W3C home > Mailing lists > Public > uri@w3.org > September 2001

Re: Using fragment identifiers with URNs

From: Roy T. Fielding <fielding@ebuilt.com>
Date: Wed, 26 Sep 2001 18:34:40 -0700
To: Stephen Cranefield <SCranefield@infoscience.otago.ac.nz>
Cc: "'uri@w3.org'" <uri@w3.org>
Message-ID: <20010926183440.V1168@waka.ebuilt.net>
On Thu, Sep 27, 2001 at 01:10:23PM +1200, Stephen Cranefield wrote:
> Roy Fielding wrote:
> 
> > It is possible to use a URN to perform a retrieval action, so I don't
> > follow your argument.  Just because the action isn't implied 
> > doesn't mean
> > that the identifier can't be used in performing the action explicitly.
> 
> Yes, but that would be making an application-level assumption, whereas
> the generic syntax and meaning of URIs and URI references should be
> independent of any particular application.  Basically, my point is that
> perhaps the definition of URI references should be updated to explicitly
> state that the notion of retrieval is specific to the URI scheme, and
> that URN schemes are not required to have any retrieval mechanism defined.

The notion of retrieval is not in any way specific to the URI scheme --
there is a paragraph in RFC 2396 that says exactly that, regardless of
whether it is a locator or a name.  The scheme only defines a namespace.
And a URN can be used for retrieval and thus can be used with a fragment.
However, the fragment is NOT part of the URN -- it is a separate name.

> To add a fragment identifier to a URN that represents an abstract name
> would be misleading - it would be making an assumption that there *is* some
> retrieval mechanism defined for that URN scheme.

The retrieval mechanism is defined by the application, in all cases,
regardless of URI scheme.

> To clarify my previous post, consider two different types of URN.
> First, consider Digital Object Identifiers (which will
> presumably one day become a registered type of URN):
> 
>   The DOI .... is simply one element of a complex system. ...
>   A user can use a DOI to do something. The simplest action that a user
>   can perform using a DOI is to locate the entity that it identifies.  
>   (From http://www.doi.org/handbook_2000/what_is_a_doi.html)
> 
> URLs have this property too: they are defined in the context of a
> distributed system architecture (the infrastructure of the Web) which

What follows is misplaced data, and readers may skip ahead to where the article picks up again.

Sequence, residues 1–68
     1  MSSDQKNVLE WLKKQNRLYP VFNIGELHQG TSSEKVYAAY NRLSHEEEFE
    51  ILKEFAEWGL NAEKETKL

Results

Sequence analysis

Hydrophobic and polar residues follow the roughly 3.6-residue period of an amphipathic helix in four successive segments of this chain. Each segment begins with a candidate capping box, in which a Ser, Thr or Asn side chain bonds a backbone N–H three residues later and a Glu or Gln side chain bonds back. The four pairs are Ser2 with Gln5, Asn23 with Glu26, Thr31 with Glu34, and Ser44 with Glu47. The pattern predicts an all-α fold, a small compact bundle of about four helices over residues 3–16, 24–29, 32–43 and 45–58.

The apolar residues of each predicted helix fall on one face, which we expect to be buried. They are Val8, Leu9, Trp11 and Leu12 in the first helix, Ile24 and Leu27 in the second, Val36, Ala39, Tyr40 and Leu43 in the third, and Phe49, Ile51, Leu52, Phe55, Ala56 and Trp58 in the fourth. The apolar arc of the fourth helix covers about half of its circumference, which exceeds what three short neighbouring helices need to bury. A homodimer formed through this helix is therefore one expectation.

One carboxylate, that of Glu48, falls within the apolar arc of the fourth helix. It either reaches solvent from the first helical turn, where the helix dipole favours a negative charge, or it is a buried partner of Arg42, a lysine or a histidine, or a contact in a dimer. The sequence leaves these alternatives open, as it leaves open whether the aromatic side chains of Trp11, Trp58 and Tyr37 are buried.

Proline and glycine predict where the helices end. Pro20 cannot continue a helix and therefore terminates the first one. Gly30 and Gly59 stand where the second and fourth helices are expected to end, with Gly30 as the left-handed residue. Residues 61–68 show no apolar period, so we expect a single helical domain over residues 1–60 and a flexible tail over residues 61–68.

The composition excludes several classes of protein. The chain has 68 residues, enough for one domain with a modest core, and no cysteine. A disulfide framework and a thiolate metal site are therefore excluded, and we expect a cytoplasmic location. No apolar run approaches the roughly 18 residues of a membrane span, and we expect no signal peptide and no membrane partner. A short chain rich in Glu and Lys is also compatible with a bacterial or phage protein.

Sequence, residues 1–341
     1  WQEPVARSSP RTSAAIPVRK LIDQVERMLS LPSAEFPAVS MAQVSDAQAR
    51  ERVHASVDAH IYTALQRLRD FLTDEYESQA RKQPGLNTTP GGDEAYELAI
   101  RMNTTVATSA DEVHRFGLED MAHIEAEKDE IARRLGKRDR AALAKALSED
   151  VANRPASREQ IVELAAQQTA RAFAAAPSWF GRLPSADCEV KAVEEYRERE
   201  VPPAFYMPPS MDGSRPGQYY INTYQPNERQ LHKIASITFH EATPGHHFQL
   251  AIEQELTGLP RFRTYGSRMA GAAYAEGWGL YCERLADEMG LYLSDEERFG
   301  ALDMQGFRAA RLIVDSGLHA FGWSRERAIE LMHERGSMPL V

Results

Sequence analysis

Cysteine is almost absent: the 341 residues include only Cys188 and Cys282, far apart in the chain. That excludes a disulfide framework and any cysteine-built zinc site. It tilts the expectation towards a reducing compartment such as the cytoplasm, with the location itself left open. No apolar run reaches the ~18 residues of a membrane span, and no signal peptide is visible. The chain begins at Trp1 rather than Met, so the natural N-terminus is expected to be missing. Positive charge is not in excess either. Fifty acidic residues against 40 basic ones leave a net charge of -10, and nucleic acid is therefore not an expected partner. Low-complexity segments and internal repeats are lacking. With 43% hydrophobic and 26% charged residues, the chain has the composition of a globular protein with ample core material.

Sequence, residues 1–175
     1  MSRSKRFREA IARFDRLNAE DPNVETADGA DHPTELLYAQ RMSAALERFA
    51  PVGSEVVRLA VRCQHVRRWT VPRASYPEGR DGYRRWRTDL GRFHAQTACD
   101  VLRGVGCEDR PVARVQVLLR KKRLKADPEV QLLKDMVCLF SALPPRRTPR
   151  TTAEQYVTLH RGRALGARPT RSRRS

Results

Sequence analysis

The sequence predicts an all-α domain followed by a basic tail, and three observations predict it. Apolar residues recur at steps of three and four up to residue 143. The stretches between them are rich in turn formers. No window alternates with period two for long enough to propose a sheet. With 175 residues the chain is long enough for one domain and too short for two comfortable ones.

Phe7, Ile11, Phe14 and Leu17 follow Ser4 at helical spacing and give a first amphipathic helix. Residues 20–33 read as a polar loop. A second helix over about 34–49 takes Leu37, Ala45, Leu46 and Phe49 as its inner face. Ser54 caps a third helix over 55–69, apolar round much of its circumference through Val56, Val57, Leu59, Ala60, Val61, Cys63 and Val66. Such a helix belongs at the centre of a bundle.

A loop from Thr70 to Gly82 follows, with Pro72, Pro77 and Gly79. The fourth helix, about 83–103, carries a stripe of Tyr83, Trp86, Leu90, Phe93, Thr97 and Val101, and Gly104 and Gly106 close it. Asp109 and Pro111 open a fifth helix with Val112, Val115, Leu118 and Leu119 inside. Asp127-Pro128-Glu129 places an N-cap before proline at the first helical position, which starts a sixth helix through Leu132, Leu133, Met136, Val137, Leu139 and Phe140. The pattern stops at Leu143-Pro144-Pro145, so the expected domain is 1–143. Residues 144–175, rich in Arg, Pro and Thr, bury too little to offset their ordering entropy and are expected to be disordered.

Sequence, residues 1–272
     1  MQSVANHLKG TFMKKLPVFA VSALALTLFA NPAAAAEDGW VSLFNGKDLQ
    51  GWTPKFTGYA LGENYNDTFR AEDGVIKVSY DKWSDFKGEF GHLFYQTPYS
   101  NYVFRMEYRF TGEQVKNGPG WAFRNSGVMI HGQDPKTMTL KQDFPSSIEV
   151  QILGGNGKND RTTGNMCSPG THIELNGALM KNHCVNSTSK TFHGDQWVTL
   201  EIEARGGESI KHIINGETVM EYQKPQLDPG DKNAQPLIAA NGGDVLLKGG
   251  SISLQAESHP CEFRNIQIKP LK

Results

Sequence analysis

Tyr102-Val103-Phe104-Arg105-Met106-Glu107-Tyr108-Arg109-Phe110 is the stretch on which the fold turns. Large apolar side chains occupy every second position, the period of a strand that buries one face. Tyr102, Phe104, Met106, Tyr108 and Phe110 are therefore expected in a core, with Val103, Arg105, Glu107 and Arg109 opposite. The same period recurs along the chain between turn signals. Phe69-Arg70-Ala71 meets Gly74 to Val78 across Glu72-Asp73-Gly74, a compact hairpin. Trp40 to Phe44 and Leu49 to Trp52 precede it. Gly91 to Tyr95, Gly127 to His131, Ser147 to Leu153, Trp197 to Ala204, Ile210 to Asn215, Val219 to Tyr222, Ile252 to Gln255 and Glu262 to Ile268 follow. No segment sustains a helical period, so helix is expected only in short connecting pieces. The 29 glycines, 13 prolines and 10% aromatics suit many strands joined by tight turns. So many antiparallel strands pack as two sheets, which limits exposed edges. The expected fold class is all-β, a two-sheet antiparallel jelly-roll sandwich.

> defines what it means to retrieve information using a URL.
> 
> Now, suppose I develop a URN scheme that I intend to use for naming
> classes and properties in an RDF schema, and I intend URIs in this
> scheme to be unique identifiers of concepts, but not references to
> their definition in a schema (I can use rdfs:isDefinedBy to convey that
> information).  Given the current definition of a fragment identifier,
> it would not be appropriate to use a fragment identifier with one of
> these URNs.  The very use of a fragment identifier is making an
> assumption that the URN is intended as a reference that can be used
> for retrieval - which is not true in this case.

Yes.  So don't use a fragment in those cases.  There is no reason to change
the protocol element just because it might be used in an illogical fashion.
There are millions of other variations on the URI syntax which wouldn't make
sense in that situation either.

Someone else has requested an additional protocol element for "possibly
relative URI reference without fragment", which I imagine will be added to
the next revision just to make it easier for protocol authors to pick and
choose what parts of the BNF they want to reuse in other specs.  But I assume
that is not what you want for this case.

> I am not denying that the URI reference syntax is convenient
> and could be usefully extended to apply to names as well as
> locators, but that would require broadening the current definition.

The syntax applies to names already -- I doubt that it can get any broader.

....Roy
Received on Wednesday, 26 September 2001 21:36:40 UTC

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